Saturday, April 21, 2012

Tech Talk: Cyclocomputers vs. GPS vs. Smartphones


The venerable cycling computer provides all of the data that most casual cyclists need for their ride. How fast am I going? How far have I ridden? How long did it take? A device for your bike that tells you all of this information and more can be had for as little as $30. Most also give you information such as average speed and a time-of-day clock.

For a few dollars more, you can get more advanced features like a wireless connection between the computer module and the wheel speed sensor, multiple bike calibration, temperature, altitude, and calories burned. The calorie counter uses a calculation based mainly on the rider's weight and the distance traveled, so it is a rough estimate that must be taken with a grain of salt. Some of the newest earth-friendly models also tell you how much CO2 you saved from going into the air by cycling instead of driving.

Some cyclists like to be aware of their cadence, which refers to the rate of rotation of your pedaling, measured in revolutions per minute (RPM).

Athletes following a serious training regimen also like to track the power that they generate during a bike ride, which is measured in watts. Some advanced cycling computers can be paired with sensors located in the rear hub, crank arms, or pedals that measure wattage. These specialized components can be a several hundred dollar addition to your bike, but provide the most accurate measurement of power.

Cyclocomputers are powered by one or two coin-type batteries, which typically need to be replaced about once a year. They are reasonably weatherproof--you are not likely to have any issues even if caught in heavy rain during a long ride.

PROS: Small size, lightweight, reliable operation, long battery life.

CONS: No advanced ride-mapping capabilities.


With the popularity of Global Positioning Systems (GPS) in automobiles, it was not long before this technology trickled down to the world of bicycling. The devices use the network of satellites in orbit around the earth to determine your postion. By measuring and tracking changes in your position, the GPS unit is able to calculate the same information as a traditional cyclocomputer--speed, distance, time, average speed, etc.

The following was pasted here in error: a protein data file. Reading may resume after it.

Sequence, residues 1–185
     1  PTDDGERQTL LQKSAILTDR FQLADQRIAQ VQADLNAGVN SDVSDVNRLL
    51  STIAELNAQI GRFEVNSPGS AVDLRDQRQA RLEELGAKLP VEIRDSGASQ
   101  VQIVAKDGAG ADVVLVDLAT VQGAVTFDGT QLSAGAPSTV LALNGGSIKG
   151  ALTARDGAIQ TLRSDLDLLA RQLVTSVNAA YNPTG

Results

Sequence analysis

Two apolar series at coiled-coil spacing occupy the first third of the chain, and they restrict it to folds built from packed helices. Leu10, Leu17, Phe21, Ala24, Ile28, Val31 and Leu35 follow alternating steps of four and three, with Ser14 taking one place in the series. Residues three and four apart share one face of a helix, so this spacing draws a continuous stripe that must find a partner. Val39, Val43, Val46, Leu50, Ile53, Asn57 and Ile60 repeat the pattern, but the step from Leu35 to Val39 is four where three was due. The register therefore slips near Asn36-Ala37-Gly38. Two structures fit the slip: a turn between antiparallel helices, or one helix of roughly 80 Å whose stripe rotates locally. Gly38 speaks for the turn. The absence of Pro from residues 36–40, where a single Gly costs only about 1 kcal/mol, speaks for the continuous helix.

Some GPS models also provide a calorie counter; like cyclocomputers, it's a rough estimate, but since it can also take changes in speed and elevation into account, it can be somewhat more accurate.

Since the GPS device does not require any sensors mounted on the bike to track you speed and distance, no bike-specific calibration is required for installation. This makes it easy to move your GPS from one bike to another; you can purchase additional mounting brackets to make it a one-step, one-click process. The device is typically enclosed in a sealed waterproof case, so you won't have any issues out in the rain.

The big advantage to GPS computers is that your ride data can be integrated with real map information. After your ride, the data can be uploaded to either your personal computer or an online service, which then shows you your route on a live map, where you can zoom in on specific features, like streets, roads, and hills. The software saves all of your past rides, so you can compare your performance over time on the same route. You can even compare your rides with others, compete against your friends, and share your routes on social media sites.

Once you have saved routes in your GPS software, these routes can be loaded onto your GPS device before you head out on a ride, and the device can give you turn-by-turn directions for following the route. Even the least expensive bike GPS model from Garmin (the Edge 200 for $149.99, pictured at left) has this capability. More advanced models, such as the Garmin Edge 800 ($449.99, below right) have a full-color display just like car GPS models, so you can see a live map right in front of you to help you find your way during a ride.

GPS units require that ability to maintain communications with the satellites. This works well in remote areas, but can be an issue if you're riding off-road in wooded areas with heavy tree cover. The map data is stored within the device itself, so you may have to purchase periodic map updates to have the latest street and road information.

Most GPS units have a rechargeable lithium-ion battery (just like most modern mobile phones) that provides from 12 to 18 hours of use between charges, so you're good to go for a couple of rides before you have to recharge. This may not work well for you, though, if you are doing long-distance touring and don't have access to electricity for several days on end.